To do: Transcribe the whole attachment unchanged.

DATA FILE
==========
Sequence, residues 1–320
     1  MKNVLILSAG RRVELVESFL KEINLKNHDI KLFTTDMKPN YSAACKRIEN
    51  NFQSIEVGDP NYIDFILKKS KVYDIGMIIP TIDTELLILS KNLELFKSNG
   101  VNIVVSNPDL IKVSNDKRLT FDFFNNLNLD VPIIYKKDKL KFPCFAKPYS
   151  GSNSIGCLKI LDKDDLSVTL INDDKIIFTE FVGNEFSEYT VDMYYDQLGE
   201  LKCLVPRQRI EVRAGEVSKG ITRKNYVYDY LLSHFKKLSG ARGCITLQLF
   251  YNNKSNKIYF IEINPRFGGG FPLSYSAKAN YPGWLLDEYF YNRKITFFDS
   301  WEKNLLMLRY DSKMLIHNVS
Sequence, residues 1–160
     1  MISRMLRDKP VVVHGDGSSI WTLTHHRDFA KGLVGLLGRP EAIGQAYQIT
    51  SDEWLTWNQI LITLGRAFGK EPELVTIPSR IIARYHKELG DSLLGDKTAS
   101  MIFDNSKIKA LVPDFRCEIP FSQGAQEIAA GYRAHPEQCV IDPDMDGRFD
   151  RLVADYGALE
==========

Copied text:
Sequence, residues 1–320
     1  MKNVLILSAG RRVELVESFL KEINLKNHDI KLFTTDMKPN YSAACKRIEN
    51  NFQSIEVGDP NYIDFILKKS KVYDIGMIIP TIDTELLILS KNLELFKSNG
   101  VNIVVSNPDL IKVSNDKRLT FDFFNNLNLD VPIIYKKDKL KFPCFAKPYS
   151  GSNSIGCLKI LDKDDLSVTL INDDKIIFTE FVGNEFSEYT VDMYYDQLGE
   201  LKCLVPRQRI EVRAGEVSKG ITRKNYVYDY LLSHFKKLSG ARGCITLQLF
   251  YNNKSNKIYF IEINPRFGGG FPLSYSAKAN YPGWLLDEYF YNRKITFFDS
   301  WEKNLLMLRY DSKMLIHNVS
Sequence, residues 1–160
     1  MISRMLRDKP VVVHGDGSSI WTLTHHRDFA KGLVGLLGRP EAIGQAYQIT
    51  SDEWLTWNQI LITLGRAFGK EPELVTIPSR IIARYHKELG DSLLGDKTAS
   101  MIFDNSKIKA LVPDFRCEIP FSQGAQEIAA GYRAHPEQCV IDPDMDGRFD
   151  RLVADYGALE